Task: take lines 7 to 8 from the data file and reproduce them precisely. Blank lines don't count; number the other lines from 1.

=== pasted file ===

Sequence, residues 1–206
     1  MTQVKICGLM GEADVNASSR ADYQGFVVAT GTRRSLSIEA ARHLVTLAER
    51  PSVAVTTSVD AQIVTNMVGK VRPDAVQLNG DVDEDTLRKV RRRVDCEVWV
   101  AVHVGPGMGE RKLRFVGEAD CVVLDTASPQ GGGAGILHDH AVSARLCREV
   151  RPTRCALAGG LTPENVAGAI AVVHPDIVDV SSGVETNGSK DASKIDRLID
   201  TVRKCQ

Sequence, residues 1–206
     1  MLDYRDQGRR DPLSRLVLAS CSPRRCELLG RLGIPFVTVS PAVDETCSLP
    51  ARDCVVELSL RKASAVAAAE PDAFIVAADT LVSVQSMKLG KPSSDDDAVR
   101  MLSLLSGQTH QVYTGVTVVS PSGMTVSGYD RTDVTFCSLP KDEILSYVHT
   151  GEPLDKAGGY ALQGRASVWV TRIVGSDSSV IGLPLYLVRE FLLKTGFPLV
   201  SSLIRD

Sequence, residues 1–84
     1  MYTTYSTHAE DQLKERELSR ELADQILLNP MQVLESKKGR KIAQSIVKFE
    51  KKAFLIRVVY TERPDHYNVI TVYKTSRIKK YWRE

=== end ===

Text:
Sequence, residues 1–206
     1  MLDYRDQGRR DPLSRLVLAS CSPRRCELLG RLGIPFVTVS PAVDETCSLP